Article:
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Howie Lee Weiss

Howie Lee Weiss at Goya-Girl Press

Written by: Joe Shannon

I smile when I recall the unrestrained and joyful play of Howie Lee Weiss's monotypes and lithographs recently shown at Baltimore's marvelous Goya Girl Press. These works represent a dramatic change in format for Weiss. First, they are made with bright primary colors: this is a surprise, since the bulk of his work is black and white, usually charcoal. Weiss’s drawings are always highly structured, from the earliest ones (unsettling mythical mysteries) to his current tangles of stressed and hyper cartoon characters that bounce hither and yon. While the drawings are sometimes huge, the largest of the monotypes and lithographs is around 30 inches high at the most, and some are much smaller.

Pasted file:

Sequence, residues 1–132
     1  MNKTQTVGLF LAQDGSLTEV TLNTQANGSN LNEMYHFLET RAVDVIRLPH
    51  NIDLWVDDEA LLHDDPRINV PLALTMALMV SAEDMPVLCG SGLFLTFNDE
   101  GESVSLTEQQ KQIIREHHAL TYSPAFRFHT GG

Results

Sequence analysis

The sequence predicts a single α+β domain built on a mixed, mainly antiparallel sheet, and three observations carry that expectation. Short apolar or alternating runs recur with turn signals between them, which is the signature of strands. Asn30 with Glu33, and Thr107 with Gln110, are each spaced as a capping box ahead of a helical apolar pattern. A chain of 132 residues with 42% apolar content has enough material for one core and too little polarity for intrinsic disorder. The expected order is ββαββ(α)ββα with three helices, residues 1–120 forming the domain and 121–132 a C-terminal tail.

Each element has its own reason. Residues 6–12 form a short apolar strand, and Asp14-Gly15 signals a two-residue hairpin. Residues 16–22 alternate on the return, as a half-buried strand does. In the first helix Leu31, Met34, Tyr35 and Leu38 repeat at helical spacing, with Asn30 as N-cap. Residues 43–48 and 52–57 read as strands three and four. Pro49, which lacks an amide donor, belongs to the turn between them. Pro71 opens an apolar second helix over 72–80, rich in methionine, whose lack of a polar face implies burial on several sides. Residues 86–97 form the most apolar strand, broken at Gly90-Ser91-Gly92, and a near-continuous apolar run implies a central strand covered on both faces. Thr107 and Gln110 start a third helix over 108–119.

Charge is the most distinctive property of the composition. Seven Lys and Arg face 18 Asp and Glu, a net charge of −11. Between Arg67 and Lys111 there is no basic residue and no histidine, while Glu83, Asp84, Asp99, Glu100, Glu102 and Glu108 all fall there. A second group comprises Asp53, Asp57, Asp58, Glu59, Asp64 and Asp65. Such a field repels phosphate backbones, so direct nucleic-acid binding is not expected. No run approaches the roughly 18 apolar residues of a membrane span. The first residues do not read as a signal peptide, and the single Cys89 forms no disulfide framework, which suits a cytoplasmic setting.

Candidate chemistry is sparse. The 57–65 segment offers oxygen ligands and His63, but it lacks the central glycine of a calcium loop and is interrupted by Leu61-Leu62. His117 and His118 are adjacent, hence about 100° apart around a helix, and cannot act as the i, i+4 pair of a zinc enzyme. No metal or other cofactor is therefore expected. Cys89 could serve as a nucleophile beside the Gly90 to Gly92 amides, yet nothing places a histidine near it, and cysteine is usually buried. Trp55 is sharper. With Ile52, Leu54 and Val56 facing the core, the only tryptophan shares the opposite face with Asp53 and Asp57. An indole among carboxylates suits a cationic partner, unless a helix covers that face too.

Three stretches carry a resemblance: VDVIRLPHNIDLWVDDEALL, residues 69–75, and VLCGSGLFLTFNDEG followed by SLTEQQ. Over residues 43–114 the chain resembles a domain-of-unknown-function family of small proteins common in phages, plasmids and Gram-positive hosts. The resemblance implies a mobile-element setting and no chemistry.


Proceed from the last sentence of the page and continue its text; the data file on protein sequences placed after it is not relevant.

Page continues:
If a visitor familiar with the charcoals had come in not knowing this was a show of Weiss’s prints, it would have become apparent only when she or he came face to face (literally) with the central image in Thoughts (2000), a lithograph. The “face” encountered is a whimsical, big-eyed, gentle visage that relates to the cartoonlike actors associated with the artist. The very spirit of the lithographs is in wild contrast to the constructed quality of the drawings. The images in the drawings, The images in the prints are frothy and playful, spontaneous and emblematic. Thoughts is composed of three columns and four rows of images: a sweet face made of blood-red strokes on ocherish yellow rectangle is in the center. A small red grid resides in the lower right: the three rows above contain leaflike shapes. On the left are blue makes that look like sea waves, and a black vase on top of a red disc. All elements are drawn in bold, thick marks.

These symbols are repeated in inventive ways throughout the show- the waves, the leaves, the vase, the grid and the discs occur in simple heraldic compositions, surprisingly formal considering the bold giggle in brush. One can see how devotees of Weiss’s normally powerfully structured drawings might be put off by the ease and simple fun of the monotypes. On my first encounter with them, I imagined a smile on old Matisse’s face, the Matisse of the lyrical cutouts of the doves and fronds and such.

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